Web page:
Mikhail Larionov (1881-1964) was a central figure during the decade preceding World War I in the emergence of modern art in Russia. Through his efforts organizing shows as well as his paintings and those of others, Russia not only entered the mainstream of contemporary developments but moved to the forefront.
Russia produced an extraordinary number of artists of genius at the turn of the century, among whom would be counted Goncharova, Kandinsky, El Lissitzky, Malevich, and Larionov. The rapid social and technological development at that time occurred in conjunction with an equally rapid cultural upheaval. Russia had been a country of two cultures—one, that of the masses, rooted in the folk and religious traditions of the past, and the other, that of the aristocracy, based on—if not miming—the conservative taste of Western Europe. Larionov and many of his contemporaries rejected the past and celebrated everything associated with modernity.
Trying Various Styles
In 1898 Larionov was accepted as a painting student at Moscow's College of Painting, Sculpture, and Architecture. His independence was quickly demonstrated by his rare attendance of classes, as he preferred to work without the interference of direction in his own studio. He did this initially at his family's home but soon had his own apartment-studio in Moscow.
By 1900 Larionov had met Natalia Goncharova (1881-1962), a fellow student studying architecture who became his life-long companion and eventually his wife. Owing to his encouragement she transferred to the Department of Painting, thus beginning their many years of mutual collaboration and influence. Larionov's enthusiasm for his work is indicated by his having presented great numbers of paintings for his monthly critique. In 1902 he submitted so many (150) that he was told to remove some. His refusal to do so brought about his expulsion.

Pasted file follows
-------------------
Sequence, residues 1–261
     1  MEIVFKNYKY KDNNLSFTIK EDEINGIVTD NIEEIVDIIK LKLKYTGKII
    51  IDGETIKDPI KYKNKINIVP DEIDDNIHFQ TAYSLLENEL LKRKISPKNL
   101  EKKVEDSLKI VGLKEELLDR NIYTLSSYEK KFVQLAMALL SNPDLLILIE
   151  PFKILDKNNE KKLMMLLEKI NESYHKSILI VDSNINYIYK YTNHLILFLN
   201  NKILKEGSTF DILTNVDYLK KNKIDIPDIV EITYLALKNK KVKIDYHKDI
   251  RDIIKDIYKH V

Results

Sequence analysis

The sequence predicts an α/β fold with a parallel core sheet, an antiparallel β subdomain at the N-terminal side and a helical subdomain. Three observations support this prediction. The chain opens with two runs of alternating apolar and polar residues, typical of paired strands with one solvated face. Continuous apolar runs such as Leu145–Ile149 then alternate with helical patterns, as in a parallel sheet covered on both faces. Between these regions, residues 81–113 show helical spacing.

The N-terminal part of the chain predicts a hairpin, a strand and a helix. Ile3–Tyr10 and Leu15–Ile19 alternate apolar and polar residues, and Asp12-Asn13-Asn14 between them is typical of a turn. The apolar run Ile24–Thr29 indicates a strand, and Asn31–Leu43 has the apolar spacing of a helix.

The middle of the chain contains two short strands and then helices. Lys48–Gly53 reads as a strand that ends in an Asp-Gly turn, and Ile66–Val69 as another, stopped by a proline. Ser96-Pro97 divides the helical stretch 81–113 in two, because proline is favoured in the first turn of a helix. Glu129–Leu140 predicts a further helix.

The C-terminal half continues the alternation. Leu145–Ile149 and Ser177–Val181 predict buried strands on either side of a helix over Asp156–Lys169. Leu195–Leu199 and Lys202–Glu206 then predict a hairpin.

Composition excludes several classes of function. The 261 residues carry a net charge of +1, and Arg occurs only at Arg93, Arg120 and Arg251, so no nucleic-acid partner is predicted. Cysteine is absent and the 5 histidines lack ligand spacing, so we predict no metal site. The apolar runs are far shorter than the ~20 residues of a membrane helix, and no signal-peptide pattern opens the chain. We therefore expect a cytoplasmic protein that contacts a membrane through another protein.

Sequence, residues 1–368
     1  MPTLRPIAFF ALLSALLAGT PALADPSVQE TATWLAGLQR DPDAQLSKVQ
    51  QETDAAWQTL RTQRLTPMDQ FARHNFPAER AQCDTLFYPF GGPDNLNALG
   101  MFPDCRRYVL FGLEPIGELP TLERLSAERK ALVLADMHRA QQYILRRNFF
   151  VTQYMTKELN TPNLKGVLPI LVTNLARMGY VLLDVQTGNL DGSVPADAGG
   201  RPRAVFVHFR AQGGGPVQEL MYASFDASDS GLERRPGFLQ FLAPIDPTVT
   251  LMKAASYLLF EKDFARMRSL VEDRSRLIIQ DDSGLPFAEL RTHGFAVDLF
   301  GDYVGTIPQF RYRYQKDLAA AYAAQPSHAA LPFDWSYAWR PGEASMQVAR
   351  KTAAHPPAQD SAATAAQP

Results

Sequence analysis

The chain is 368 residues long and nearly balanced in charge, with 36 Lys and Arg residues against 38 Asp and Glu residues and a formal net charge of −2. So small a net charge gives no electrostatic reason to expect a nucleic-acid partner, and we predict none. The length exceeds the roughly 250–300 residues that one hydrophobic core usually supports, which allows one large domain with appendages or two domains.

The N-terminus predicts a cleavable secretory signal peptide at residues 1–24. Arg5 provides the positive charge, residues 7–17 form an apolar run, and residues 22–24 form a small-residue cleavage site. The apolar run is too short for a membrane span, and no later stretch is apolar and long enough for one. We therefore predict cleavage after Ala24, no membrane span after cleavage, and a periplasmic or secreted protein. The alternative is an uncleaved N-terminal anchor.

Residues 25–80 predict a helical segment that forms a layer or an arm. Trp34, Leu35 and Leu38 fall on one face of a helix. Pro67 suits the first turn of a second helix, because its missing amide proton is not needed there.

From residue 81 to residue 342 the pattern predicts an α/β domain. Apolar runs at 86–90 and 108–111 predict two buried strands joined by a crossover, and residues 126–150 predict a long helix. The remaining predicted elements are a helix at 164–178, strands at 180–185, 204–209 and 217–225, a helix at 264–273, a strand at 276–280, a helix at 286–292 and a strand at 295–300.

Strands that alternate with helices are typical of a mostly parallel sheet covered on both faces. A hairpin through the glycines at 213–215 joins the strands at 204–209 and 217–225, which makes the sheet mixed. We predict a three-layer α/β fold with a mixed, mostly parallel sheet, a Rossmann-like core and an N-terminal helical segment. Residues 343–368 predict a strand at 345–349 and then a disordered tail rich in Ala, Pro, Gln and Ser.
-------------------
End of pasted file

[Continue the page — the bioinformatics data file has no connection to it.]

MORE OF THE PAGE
At the time Russia, like so many other countries, was becoming acquainted with the various styles that had evolved often decades earlier in the international art world of Paris. Larionov's expulsion marked the beginning of his Impressionist and Symbolist work. Despite his readmission to the Moscow College the following year, he continued his stylistically independent path. In 1906 Larionov was represented in the World of Art Show (St. Petersburg), in the Union of Russian Artists exhibition (Moscow), and in a special section of Russian art organized by Diaghilev for the Salon d'Automne (Paris). It was at the last of these shows that the Fauves had their infamous first public showing. Larionov attended the opening and visited London as well while abroad.